I am inspired by the stories and traditions passed down from generation to generation. Norwegian cooking at its simplest and most elaborate. That’s what you will find here. Seasonal cooking, local ingredients, local artisans, and simple gatherings.  READ MORE...

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December 2019

December 10, 2019

Gløgg (Norwegian Mulled Wine)

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Gløgg (Norwegian mulled wine)
Gløgg (Norwegian mulled wine)

Gløgg is the Scandinavian version of mulled wine or glühwein. It’s a warm, spicy and fruity drink featuring wine or, for the non-alcoholic version, juice or saft “cordial”. With the darker and colder days making their presence even more known in the north, it’s no wonder this drink has a permanent place here during the holiday season.

Its roots trace back to the Middle Ages where it was called “ypocras” or “hipocras”, after Hippocrates, by the Greeks who would drink it after a meal to help with digestion.

It is said that, in the 1400s, German castles along the Rhine river were found to heat red wine and add in various spices. Drinking glühwein was a way to keep warm during the cold and humid winter months. Later, in the nineteenth century, glühwein with almonds and raisins became very popular across Europe. Gradually, it developed into a Christmas tradition that spread to much of northern Europe, where it became known as gløgg. In addition to the almonds and raisins, gløgg is sweeter than other types of mulled wine and it often has a higher alcohol content.

Gløgg (Norwegian mulled wine)
Gløgg (Norwegian mulled wine)
Gløgg (Norwegian mulled wine)

Gløgg is a delicious way to warm up this winter season and it’s easily adaptable to suit your needs. If you prefer a non-alcoholic version, just swap out the red wine for juice or cordial and leave out the aquavit. You can add less sugar or more, if you prefer it slightly sweeter. When choosing a wine, it doesn’t have to be expensive or of amazing quality. Just be sure to choose a decent one of your liking.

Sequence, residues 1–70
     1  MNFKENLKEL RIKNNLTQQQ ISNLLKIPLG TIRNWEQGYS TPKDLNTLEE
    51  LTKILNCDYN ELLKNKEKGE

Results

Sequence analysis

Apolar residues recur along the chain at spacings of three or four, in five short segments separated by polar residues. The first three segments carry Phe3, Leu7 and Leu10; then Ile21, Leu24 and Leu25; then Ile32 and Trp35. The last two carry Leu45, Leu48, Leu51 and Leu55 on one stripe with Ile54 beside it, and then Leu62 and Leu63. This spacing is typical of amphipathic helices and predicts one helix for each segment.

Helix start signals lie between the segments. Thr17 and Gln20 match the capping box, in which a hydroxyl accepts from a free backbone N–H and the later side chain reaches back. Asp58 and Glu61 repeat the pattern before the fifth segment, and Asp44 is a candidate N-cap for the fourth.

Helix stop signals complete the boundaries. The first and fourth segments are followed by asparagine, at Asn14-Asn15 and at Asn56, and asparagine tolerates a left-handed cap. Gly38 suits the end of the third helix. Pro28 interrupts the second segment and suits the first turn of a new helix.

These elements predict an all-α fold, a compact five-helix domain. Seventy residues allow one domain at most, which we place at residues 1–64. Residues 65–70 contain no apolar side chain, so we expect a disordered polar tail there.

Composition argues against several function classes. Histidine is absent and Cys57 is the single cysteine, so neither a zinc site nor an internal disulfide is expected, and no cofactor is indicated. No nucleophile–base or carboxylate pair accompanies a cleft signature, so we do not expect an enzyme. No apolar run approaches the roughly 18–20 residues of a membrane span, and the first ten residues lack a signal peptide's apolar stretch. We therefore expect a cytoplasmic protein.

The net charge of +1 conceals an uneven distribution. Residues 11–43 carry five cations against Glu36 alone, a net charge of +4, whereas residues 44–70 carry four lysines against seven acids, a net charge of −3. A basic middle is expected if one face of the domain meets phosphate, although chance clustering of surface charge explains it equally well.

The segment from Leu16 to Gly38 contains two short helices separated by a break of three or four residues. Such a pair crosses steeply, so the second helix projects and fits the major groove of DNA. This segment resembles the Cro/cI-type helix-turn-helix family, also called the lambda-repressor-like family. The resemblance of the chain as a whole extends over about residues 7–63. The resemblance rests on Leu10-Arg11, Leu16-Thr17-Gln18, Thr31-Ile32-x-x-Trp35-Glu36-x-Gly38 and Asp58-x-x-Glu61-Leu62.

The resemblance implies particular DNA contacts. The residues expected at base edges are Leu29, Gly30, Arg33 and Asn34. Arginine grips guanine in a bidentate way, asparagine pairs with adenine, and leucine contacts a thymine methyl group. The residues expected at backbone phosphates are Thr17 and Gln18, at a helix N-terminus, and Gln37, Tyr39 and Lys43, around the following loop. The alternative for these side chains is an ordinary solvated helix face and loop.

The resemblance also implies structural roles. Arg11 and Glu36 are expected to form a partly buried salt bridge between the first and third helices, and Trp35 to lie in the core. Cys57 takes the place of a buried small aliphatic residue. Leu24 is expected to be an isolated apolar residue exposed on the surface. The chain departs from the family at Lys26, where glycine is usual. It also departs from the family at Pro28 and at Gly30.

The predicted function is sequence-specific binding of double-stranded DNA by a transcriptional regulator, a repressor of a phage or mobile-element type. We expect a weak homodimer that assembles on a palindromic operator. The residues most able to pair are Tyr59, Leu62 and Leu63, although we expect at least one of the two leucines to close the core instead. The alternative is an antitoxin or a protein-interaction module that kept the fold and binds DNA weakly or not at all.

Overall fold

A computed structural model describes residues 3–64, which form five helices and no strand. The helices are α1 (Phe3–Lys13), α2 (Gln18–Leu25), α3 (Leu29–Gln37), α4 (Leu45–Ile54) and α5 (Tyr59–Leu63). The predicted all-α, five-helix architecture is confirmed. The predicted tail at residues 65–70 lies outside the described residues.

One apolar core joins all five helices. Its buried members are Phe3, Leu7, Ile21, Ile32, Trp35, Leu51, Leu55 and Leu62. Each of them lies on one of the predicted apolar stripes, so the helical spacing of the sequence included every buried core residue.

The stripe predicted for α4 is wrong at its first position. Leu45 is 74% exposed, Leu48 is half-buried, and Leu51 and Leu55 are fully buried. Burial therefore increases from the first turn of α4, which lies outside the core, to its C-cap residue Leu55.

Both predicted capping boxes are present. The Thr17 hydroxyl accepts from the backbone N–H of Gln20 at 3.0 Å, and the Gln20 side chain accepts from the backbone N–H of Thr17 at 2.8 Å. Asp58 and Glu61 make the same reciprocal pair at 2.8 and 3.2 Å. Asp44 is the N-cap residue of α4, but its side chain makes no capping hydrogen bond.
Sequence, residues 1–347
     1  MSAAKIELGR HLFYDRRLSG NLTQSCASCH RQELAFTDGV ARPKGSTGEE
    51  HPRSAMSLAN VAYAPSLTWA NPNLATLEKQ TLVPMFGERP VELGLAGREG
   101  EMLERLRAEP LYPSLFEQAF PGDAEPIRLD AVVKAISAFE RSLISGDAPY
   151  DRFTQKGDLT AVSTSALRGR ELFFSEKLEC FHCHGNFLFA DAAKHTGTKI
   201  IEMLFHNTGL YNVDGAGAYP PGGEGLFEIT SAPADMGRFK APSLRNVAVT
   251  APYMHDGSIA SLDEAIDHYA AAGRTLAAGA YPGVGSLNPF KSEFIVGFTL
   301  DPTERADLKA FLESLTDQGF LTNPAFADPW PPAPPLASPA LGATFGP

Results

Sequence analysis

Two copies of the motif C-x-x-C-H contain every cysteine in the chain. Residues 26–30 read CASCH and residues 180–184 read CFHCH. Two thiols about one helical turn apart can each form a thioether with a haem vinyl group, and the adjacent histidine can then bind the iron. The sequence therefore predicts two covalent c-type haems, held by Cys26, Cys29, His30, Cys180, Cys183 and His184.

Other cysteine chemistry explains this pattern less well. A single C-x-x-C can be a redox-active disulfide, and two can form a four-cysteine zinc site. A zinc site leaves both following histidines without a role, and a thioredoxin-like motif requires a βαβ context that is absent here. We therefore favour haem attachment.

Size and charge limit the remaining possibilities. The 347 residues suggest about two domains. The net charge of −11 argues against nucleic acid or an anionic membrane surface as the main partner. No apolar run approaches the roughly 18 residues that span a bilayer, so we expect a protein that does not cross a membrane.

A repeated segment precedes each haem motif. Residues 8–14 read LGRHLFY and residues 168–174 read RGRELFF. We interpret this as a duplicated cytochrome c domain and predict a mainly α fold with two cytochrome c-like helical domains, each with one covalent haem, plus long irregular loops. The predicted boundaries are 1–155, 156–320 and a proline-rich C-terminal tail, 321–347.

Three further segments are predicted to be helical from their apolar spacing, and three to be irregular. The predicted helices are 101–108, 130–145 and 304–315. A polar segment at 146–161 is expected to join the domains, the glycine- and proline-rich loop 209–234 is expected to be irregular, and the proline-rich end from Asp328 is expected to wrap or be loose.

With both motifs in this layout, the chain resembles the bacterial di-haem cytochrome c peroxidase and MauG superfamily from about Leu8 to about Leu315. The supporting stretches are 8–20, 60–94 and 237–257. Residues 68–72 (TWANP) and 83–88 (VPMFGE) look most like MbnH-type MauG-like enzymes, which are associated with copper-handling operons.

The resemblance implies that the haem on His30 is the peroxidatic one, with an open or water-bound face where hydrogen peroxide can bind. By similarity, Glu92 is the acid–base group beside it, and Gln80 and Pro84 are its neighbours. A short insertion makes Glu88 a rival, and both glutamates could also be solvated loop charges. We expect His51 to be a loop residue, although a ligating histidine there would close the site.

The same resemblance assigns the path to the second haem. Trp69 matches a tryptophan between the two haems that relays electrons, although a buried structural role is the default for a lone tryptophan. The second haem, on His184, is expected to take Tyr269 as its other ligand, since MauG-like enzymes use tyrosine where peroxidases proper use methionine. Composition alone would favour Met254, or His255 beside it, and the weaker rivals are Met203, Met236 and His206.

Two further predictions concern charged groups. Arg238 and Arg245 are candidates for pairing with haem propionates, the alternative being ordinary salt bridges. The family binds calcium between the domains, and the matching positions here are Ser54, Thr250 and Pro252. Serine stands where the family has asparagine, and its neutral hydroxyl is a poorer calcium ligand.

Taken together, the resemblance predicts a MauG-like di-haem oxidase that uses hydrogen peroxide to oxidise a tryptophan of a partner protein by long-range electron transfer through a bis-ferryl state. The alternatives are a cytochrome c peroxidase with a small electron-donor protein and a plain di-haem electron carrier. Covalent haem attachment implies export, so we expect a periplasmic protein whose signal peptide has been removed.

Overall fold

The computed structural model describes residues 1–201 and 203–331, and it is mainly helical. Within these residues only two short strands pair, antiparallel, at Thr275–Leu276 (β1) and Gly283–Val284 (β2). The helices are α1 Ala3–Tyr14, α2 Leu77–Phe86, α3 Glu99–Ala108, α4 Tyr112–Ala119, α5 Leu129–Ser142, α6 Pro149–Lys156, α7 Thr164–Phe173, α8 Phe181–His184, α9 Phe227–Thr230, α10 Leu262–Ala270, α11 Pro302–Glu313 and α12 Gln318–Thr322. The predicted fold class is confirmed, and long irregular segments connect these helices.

Gløgg (Norwegian Mulled Wine)

Serves 4-6

  • ½ cup (100 g) granulated sugar   
  • Juice and zest of 1 large orange
  • 1 star of anise
  • 1 cinnamon stick
  • 6 cloves
  • 1 teaspoon freshly grated nutmeg
  • ½ teaspoon fresh ginger, grated
  • 2 cardamom pods
  • 1 bottle (750 ml) red wine
  • 1/3 cup plus 1 tablespoon plus 1 teaspoon (100 ml) aquavit

To serve:

  • ¾ cup (2 dl) raisins
  • ¾ cup (2 dl) chopped or sliced almonds

In a large heavy-bottomed pot over medium heat, add the sugar, orange juice and zest, and spices. Heat gently, stirring often, until the sugar dissolves, about 5 minutes. Pour in the wine and gently heat for about 15 minutes. Stir in the aquavit.

Serve in individual glasses alongside the raisins and almonds to let people take what they want. Garnish with cinnamon sticks, star of anise, and/or orange slices, as desired.

You can keep the gløgg warm on a gentle heat for a couple of hours. It is also common to serve it with pepperkaker (gingerbread cookies).

*To make a non-alcoholic version, you can use 750 ml of apple juice or apple cider and omit the sugar while adding a dash of honey. You can also use solbærsaft or black currant cordial – just dilute it with water and omit the sugar.

Nevada Berg

Nevada is a utah native and norwegian by heart. When not crafting culinary delights she enjoys her family time and tending to her animals. You most certainly can find her perusing her property for wild berries.

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  1. Puk says:

    best way is to make alle the above plus dark rum and port (adjust spices up a bit to taste) but minus the wine into an extract by heating it up gently and letting the spices sit in there for about three weeks before sieving and storing in a dark space. mix wine and extract in about 2:1 depending on taste and gently warm up before serving as above. In the older days every family would swear by their own extract receipe, nowadays most will buy one or buy ready mixed, I do have good one though if you want, although it is Danish 😆

  2. Daniel Silva says:

    Love this recipe! Thank you for sharing.

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